A Raynes Park man involved in the Voyager 1 space program has opened up on what he described as the “most monumental mission of all time” ahead of a special anniversary.

February 14 will mark 30 years since the famous 'Pale Blue Dot' - a picture of Earth from six billion kilometers away - was captured by the space probe.

Dr Garry Hunt was one of the original nine people selected by NASA to work on the Voyager program.

He spoke to the Wimbledon Times on what that mission, and the image, have meant in the decades following.

"This is a very, very important picture," he said.

"It shows that the Earth is no more than a tiny speck amongst the stars.

"It’s our only home; it’s the only place we can live and yet it is very fragile."

Dr Hunt joined the Jet Propulsion Laboratory (JPL) from his position as a research fellow at Harwell/Oxford in 1970 and was the only UK scientist selected by NASA at the start of the Voyager mission in 1972.

He said the first five years on the job involved a lot of back and forth between the UK and the USA.

"You have to remember, this was before the internet," he said.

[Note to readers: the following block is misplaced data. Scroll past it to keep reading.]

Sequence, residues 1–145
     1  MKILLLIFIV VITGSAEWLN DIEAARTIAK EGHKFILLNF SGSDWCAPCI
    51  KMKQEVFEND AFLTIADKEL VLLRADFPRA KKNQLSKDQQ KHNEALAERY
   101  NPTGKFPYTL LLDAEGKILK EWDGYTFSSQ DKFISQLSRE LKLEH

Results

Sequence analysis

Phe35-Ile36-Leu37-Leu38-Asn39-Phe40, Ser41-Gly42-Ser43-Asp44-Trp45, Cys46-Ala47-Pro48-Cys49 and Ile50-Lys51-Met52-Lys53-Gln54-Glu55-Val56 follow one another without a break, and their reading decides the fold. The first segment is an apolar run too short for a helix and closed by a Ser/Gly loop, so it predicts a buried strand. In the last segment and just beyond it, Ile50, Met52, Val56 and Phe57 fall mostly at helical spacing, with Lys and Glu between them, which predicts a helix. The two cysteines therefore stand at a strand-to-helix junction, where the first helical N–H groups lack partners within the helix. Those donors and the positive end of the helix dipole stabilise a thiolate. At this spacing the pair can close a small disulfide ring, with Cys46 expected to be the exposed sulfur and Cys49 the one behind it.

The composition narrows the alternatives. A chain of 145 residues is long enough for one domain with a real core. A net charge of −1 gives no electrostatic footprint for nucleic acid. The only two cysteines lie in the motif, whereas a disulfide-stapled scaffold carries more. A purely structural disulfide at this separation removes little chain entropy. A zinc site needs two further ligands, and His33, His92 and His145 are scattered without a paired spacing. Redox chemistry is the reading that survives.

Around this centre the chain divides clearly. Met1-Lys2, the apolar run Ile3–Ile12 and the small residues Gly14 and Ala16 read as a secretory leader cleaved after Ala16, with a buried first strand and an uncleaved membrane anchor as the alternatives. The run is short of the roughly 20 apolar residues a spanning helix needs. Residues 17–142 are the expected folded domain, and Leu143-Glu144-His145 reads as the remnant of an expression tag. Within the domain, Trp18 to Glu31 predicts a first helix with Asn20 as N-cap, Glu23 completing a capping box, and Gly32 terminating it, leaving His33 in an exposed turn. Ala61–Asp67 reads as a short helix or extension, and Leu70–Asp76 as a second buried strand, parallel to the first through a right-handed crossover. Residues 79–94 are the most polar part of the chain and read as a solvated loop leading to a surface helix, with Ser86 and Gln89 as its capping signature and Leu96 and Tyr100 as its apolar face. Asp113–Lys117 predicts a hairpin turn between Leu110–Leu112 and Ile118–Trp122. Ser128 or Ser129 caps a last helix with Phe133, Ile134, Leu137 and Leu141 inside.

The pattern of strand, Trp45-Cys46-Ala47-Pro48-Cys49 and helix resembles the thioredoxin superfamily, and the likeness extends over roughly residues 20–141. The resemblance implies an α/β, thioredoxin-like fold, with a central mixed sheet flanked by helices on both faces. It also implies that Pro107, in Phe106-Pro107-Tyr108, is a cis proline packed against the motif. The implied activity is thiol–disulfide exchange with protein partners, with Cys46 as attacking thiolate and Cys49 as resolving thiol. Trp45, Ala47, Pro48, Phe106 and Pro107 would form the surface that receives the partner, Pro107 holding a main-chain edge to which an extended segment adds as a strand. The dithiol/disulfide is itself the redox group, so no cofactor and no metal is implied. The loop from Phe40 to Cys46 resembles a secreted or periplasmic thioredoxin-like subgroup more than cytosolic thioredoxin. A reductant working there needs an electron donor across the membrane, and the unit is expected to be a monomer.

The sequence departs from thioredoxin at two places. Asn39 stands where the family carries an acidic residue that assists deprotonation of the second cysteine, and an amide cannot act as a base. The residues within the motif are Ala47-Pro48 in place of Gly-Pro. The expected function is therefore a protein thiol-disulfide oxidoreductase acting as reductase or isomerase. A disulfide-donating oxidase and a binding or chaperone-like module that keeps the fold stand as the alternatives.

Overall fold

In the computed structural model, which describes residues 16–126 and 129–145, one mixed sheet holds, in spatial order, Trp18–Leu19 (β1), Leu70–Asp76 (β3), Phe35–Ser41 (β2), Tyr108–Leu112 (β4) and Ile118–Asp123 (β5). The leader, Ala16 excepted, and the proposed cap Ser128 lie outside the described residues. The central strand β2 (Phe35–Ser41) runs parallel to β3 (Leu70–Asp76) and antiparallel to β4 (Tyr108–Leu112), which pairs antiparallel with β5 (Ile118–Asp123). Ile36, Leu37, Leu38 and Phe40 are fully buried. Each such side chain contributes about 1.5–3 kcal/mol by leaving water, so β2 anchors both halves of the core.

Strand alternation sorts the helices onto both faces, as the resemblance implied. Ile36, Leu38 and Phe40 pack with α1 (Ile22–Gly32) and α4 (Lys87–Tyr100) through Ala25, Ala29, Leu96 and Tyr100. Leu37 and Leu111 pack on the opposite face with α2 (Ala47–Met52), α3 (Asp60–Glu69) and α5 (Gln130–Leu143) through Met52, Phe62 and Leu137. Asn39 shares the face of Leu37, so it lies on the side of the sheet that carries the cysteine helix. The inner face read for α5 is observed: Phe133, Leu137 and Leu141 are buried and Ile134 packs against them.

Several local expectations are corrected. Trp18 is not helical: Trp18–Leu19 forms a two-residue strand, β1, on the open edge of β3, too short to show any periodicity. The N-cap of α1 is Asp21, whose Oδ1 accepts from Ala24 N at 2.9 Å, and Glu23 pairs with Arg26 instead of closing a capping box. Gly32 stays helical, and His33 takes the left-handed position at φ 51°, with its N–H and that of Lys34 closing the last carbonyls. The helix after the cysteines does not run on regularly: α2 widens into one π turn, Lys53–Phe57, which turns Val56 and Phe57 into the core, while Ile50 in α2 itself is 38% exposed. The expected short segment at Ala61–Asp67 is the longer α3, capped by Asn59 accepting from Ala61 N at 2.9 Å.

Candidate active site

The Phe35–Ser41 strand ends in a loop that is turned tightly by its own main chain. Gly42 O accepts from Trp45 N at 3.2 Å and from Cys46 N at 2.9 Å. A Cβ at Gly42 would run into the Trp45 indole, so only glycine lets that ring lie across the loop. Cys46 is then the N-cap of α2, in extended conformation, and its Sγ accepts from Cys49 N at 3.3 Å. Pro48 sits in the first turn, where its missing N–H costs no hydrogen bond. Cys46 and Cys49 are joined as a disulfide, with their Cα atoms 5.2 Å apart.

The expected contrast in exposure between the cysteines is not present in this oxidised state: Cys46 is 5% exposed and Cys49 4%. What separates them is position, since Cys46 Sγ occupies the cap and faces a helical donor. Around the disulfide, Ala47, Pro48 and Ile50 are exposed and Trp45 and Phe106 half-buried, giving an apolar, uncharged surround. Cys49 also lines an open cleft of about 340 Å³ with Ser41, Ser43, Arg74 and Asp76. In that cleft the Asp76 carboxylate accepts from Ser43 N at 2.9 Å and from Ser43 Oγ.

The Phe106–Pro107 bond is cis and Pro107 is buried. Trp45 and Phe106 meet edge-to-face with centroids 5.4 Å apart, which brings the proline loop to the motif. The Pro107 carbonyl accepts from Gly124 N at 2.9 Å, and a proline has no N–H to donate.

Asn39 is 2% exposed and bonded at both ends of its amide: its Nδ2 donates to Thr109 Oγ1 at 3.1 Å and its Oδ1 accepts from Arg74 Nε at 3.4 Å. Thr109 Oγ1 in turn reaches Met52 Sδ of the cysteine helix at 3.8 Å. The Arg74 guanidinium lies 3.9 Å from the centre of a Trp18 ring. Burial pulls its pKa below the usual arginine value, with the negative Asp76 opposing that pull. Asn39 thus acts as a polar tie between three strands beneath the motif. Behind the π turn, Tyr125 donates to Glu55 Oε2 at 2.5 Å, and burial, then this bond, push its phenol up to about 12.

"My job was still here (in the UK) so every month I had to make the trip to the US. Between 1972 when they selected the team and 1977 it was continuous travel."

But it was February 14, 1990, that the now 77-year-old will remember most about his time at NASA.

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Voyager 1, which had completed its primary mission and was leaving the Solar System, was commanded by NASA to turn its camera around and take one last photograph of Earth across a great expanse of space.

In the photograph, Earth's size appears as less than a single pixel; the planet appears as a tiny dot against the vastness of space, among bands of sunlight reflected by the camera

The term "Pale Blue Dot" was coined by Carl Sagan in his reflections of the photograph's significance.

"It is the most monumental mission of all time," Dr Hunt continued added.

"Not only did it make discoveries that changed textbooks, but it wasn’t a cent over spent. It was perfect management and teamwork all around.

"One of the secrets of managements of the space mission and in life is that your value is what you bring to the table. "You could be a five star general but if you don't bring anything to the table then you're just a junior member. I’ve always subscribed to that management style."

Asked if there was any way he planned on marking the 30th anniversary of the Pale Blue Dot this coming Valentine's Day he simply said "Voyager is a daily celebration."